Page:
Hansa Biopharma (Nasdaq Stockholm: HNSA), a trailblazer in enzyme technology targeting rare immunological disorders, has successfully finalized patient enrollment in the phase 2 clinical trial for imlifidase as a potential treatment for Guillain-Barré Syndrome (GBS). The top-line results are anticipated to be revealed in the latter half of 2023. CEO and President of Hansa Biopharma, Søren Tulstrup, expressed that the current study is an essential advancement in understanding the efficacy of the company’s innovative antibody-cleaving enzyme technology for rare immunological diseases.
The ongoing phase 2 trial is an open-label, single-arm, multi-center study being conducted across the United Kingdom, France, and the Netherlands. It is designed to assess the safety, tolerability, and effectiveness of imlifidase combined with standard-of-care (SoC) intravenous immunoglobulin (IVIg) in GBS patients. Participants have received imlifidase prior to SoC administration. After the database lock of the single-arm study, the efficacy parameters of patients treated with both imlifidase and SoC will be compared with a corresponding external cohort from the International Guillain-Barré Syndrome Outcome Study (IGOS) database maintained at the Erasmus Medical Centre in Rotterdam, Netherlands. The comparative efficacy analysis results between these cohorts are expected to be available in 2024.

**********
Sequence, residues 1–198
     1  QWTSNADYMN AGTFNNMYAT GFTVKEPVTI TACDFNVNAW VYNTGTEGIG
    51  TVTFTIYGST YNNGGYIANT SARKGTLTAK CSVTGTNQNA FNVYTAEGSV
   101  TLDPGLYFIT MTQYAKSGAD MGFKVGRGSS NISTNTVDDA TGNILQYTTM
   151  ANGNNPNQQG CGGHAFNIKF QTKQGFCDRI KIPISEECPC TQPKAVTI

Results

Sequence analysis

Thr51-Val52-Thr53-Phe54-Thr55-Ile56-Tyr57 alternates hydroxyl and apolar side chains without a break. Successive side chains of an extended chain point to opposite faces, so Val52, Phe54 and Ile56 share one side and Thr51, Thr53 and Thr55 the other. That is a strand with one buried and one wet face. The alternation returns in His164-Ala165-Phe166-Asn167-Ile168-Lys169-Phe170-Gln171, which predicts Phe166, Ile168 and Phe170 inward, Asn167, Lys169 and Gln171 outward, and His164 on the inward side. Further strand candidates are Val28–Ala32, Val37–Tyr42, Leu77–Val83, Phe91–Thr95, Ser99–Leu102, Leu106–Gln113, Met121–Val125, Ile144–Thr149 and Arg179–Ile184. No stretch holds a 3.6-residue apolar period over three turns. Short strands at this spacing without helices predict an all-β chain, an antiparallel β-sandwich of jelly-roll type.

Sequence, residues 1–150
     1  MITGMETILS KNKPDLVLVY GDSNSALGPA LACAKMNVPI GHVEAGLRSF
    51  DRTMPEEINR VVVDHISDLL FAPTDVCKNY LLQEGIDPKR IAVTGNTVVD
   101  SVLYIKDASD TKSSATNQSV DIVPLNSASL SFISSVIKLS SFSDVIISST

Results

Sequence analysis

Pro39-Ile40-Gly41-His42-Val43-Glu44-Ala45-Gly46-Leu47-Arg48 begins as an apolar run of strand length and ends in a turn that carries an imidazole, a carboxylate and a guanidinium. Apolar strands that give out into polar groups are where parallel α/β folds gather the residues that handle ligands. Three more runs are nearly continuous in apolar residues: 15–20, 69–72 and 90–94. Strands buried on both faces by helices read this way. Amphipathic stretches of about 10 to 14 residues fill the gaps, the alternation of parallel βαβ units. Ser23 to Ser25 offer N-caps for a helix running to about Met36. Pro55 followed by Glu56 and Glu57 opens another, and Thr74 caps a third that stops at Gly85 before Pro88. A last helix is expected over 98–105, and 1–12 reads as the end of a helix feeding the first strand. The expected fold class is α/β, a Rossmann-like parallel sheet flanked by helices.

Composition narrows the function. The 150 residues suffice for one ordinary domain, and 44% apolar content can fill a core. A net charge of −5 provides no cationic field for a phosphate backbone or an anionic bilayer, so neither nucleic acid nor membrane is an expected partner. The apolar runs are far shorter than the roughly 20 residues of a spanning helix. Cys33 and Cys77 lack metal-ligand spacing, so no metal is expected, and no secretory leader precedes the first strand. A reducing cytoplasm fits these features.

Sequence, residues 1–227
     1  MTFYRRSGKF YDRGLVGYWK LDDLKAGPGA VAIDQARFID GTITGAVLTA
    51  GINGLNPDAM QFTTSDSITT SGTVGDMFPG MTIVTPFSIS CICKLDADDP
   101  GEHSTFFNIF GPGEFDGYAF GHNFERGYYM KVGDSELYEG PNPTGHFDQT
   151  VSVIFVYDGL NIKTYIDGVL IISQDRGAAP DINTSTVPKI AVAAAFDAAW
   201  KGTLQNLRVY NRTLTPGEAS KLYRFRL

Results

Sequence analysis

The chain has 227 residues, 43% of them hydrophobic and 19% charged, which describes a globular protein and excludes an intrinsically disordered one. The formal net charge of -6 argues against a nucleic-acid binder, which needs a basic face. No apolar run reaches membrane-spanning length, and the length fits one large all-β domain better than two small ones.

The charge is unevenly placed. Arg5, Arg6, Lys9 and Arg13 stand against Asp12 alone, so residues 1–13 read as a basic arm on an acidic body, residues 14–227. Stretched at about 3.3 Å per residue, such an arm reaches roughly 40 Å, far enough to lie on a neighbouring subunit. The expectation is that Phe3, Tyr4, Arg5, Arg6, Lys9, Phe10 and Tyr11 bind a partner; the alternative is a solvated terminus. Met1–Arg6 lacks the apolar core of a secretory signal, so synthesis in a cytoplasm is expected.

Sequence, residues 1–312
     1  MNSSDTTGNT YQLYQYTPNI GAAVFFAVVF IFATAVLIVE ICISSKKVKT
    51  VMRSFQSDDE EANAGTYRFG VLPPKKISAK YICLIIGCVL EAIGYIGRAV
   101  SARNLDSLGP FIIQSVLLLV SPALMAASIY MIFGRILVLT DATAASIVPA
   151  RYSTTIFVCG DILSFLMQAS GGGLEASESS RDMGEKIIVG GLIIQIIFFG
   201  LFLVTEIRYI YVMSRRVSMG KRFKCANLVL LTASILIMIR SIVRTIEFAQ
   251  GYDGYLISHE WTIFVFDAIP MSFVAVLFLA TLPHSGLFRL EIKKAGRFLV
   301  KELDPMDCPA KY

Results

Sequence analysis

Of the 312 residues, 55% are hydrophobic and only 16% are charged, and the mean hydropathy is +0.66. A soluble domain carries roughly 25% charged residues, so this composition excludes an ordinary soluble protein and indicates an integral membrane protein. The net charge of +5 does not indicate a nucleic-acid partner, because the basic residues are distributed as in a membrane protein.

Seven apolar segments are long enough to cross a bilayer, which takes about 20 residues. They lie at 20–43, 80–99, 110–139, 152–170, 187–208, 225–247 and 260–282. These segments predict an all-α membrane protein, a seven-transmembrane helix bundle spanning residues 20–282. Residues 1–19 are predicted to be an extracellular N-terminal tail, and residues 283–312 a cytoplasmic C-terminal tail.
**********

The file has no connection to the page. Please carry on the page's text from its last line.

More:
Professor Shahram Attarian, Head of the Department of Neuromuscular Diseases and ALS at Hopitaux Universitaires de Marseille (APHM) and the International Coordinating Principal Investigator in the Phase 2 study, emphasized the importance of prompt diagnosis and treatment in GBS. Imlifidase offers a novel approach to treatment by rapidly and effectively reducing IgG levels, potentially benefiting GBS patients.
Guillain-Barré Syndrome is a rare, acute, paralyzing, inflammatory disorder affecting the peripheral nervous system, with an annual incidence of 1-2 cases per 100,000 people. GBS is a rapidly progressing neurological disease that weakens the limbs and can lead to severe paralysis. Approximately 25% of patients need mechanical ventilation for extended periods, and 20% are unable to walk after six months. Currently, GBS has a fatality rate of 3-7% with standard care. In 2018, the US Food and Drug Administration granted Orphan Drug Designation to imlifidase for GBS treatment.